Someone is following Lauren Lewis. She ducks into the office of PI Jimmy "Soldier" Riley, not to hire him, but to find out if he's the one following her. Back when they were lovers he told her if he ever decided to, she'd never know he was there. It's 1940s Panama City, Florida. The world is at war, and the growing panhandle paradise is doing its part. Tyndall Field is training pilots. Wainwright Shipyard is building battleships. The Naval Section Base is protecting vessels in the Gulf. The Dixie Sherman Hotel is hosting celebrities such as Clark Gable. Harry Lewis, a wealthy banker, is running for mayor, unaware his wife is running for her life.
With a secret to hide and a husband running for mayor in a city exploding and expanding like no other time in history, Lauren doesn't want trouble, but she's about to get a double-barrel full of it. Only one man can help her, and though it might destroy him, he doesn't mind. Better to die than be the walking wounded. The story of a guy, a girl, and a gun, The Big Goodbye is Florida Noir at its finest.
"A seductive mix of sudden violence and aw emotion, Michael Lister's The Big Goodbye is a much-welcome contribution to the hardboiled, P.I. tradition. Cool stuff." (Victor Gischler, author of Gun Monkeys and The Shotgun Opera)
"Stylish, retro, and highly entertaining. Michael Lister's PI Jimmy 'Soldier' Riley is a compelling new noir hero." (Jason Starr, author of Twisted City and Bust)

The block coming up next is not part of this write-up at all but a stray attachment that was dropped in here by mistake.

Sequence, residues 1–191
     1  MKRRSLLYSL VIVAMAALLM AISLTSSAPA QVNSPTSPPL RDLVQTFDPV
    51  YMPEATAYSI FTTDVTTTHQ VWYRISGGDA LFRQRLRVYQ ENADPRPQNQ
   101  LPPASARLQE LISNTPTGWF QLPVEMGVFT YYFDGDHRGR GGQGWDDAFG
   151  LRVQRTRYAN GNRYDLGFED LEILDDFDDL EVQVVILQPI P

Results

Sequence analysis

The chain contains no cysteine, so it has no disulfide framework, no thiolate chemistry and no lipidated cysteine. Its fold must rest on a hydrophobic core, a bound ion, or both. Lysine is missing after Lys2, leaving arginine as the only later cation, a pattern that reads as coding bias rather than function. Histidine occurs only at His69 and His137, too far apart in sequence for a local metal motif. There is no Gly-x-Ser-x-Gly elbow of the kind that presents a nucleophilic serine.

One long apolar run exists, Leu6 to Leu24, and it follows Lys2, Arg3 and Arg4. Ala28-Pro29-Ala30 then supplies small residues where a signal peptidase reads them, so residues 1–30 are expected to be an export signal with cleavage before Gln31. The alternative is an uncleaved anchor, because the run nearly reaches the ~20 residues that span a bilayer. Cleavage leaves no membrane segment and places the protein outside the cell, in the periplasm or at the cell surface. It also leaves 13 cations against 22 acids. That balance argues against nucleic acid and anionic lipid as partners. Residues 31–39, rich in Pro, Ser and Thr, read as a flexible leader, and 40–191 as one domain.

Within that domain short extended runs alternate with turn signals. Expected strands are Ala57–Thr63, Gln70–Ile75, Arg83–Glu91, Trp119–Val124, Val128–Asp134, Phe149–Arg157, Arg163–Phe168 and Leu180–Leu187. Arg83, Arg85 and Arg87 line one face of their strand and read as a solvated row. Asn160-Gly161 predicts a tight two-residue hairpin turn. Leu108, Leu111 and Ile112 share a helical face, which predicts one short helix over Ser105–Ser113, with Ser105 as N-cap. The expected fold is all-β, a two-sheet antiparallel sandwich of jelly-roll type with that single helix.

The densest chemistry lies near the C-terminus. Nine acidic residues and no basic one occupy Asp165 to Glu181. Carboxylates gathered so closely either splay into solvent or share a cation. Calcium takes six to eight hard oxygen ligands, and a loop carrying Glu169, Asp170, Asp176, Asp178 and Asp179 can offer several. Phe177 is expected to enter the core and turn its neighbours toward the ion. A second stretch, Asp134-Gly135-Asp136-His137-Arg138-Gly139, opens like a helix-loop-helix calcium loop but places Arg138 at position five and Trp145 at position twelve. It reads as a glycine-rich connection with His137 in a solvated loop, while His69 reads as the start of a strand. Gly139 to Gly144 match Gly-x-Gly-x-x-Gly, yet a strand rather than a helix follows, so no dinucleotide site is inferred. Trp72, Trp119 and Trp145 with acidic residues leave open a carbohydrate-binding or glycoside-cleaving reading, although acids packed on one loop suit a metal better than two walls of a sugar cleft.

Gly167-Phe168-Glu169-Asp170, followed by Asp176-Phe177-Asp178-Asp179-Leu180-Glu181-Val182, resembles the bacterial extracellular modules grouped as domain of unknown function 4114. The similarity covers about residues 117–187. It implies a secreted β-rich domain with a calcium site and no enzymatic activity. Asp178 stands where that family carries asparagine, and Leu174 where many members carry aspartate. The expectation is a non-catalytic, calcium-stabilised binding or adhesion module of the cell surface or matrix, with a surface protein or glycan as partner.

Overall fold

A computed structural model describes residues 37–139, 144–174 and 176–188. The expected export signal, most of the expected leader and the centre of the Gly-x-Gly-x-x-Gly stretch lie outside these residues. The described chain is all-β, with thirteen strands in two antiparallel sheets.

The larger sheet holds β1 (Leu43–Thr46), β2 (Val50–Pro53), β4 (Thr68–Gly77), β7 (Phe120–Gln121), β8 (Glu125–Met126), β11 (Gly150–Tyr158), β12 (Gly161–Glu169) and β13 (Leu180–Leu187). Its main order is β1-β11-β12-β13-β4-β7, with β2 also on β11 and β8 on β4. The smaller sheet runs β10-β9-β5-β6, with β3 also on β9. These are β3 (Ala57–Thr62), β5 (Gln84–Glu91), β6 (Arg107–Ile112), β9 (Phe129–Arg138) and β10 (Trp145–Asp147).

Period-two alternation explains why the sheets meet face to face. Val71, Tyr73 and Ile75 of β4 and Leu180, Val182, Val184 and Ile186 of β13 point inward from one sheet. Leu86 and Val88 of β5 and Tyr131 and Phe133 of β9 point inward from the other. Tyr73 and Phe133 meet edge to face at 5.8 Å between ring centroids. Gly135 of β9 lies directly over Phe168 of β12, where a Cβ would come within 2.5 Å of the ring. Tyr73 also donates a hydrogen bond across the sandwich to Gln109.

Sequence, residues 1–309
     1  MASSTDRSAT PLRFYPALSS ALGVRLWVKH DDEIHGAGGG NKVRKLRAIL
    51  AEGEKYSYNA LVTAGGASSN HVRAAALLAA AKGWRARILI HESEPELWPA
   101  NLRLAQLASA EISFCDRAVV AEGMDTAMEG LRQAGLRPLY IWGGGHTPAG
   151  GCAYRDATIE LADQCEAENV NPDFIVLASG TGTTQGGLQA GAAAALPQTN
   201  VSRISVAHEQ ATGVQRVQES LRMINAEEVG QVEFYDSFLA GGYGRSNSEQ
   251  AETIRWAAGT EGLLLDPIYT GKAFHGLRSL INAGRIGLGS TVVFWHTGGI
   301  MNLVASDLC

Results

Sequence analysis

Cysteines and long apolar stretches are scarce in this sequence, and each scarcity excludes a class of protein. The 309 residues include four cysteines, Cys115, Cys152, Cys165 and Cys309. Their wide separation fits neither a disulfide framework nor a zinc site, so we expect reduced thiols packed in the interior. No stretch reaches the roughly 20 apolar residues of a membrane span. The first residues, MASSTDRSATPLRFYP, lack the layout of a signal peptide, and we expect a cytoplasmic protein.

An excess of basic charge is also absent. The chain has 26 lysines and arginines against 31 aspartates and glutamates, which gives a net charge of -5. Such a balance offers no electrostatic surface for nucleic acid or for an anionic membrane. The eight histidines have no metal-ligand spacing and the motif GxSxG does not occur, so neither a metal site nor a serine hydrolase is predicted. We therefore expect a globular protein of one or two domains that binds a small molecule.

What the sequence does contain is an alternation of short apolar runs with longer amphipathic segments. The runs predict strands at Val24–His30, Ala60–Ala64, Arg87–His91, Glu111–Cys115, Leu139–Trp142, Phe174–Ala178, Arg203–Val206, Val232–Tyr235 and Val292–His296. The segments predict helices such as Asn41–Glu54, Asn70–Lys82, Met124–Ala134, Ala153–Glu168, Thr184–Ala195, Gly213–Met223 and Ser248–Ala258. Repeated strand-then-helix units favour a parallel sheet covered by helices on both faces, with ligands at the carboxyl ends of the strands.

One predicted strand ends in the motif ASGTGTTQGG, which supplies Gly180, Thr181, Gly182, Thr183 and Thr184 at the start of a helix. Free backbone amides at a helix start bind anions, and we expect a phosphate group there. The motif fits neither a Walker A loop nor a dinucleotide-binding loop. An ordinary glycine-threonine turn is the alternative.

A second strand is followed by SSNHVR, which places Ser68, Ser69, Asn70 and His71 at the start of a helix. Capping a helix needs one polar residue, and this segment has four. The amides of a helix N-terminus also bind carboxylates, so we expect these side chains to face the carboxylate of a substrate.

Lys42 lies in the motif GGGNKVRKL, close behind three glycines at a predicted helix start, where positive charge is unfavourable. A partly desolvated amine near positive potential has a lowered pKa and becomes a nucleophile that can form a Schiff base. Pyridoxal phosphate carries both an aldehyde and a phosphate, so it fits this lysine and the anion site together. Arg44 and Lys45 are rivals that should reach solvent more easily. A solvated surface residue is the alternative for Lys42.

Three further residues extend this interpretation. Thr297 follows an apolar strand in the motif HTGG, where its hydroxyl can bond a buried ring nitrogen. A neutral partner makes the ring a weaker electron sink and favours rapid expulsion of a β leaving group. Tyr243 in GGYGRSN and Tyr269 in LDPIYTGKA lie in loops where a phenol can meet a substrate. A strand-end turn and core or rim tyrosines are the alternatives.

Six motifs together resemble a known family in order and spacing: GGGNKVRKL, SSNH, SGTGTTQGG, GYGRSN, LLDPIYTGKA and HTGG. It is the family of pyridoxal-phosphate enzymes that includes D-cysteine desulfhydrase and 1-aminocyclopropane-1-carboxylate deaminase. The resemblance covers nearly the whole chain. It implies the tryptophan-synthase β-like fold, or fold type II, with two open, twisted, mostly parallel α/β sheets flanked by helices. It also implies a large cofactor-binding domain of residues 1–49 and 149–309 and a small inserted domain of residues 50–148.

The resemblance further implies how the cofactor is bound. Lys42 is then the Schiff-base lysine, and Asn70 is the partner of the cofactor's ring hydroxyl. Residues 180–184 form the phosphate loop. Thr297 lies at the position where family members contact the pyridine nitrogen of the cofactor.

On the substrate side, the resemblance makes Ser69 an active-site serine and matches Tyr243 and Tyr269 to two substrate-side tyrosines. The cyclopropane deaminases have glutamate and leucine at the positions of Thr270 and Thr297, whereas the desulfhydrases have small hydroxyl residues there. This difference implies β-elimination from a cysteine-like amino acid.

"What fun to see 1940s Panama City, Florida through the eyes of tough, wise-cracking PI Jimmy Riley. This is my kind of book: tough and violent with snappy dialogue and great atmosphere, beautiful women with hidden agendas, and a long lost world that we mostly know through ancient postcards and faded photographs. Get ready for a suspenseful, romantic and historic ride." (Ace Atkins, author of White Shadow)
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It was entertaining if not predictable. The PI is still carrying a torch for his ex-lover who is married to another more successful man. When she comes to him accusing him of following her, he bites and starts following her.
Jimmy "Soldier" Riley. He's working as a PI and everyone around him assumes he lost his arm in the war but he actually lost it in a gunfight while working as a cop.
There were a few scenes where people, especially women, insisted on calling Jimmy "Soldier" assuming he lost his arm in the war. Rather than explain, he just goes along with it.
No. It was like so many noir stories I've read.
Criss...Cross.....Double Cross Who can you Trust
The least enjoyable aspect of the book was the resolution of the conflict. Given the information in the book, there was no foreshadowing of the person responsible, thus creating who antagonist who was not plausible. The denouement was extremely well done !
After the resolution of this book, I would hesitate to buy another of his works
He spoke to quickly which detracted greatly from the story, although his words are very clear.
yes . The denouement leads to a sequel very easily.
When I am in doubt whether a mystery is well written I refer to my 12 criteria of a good mystery novel.. This book fails on 2 key points. 1) It must baffle a seasonably intelligent reader, and 2) the solution must seem inevitable once revealed. There was no way these 2 criteria were met. The person responsible came out of left field. Very disappointing ending, but otherwise a decent read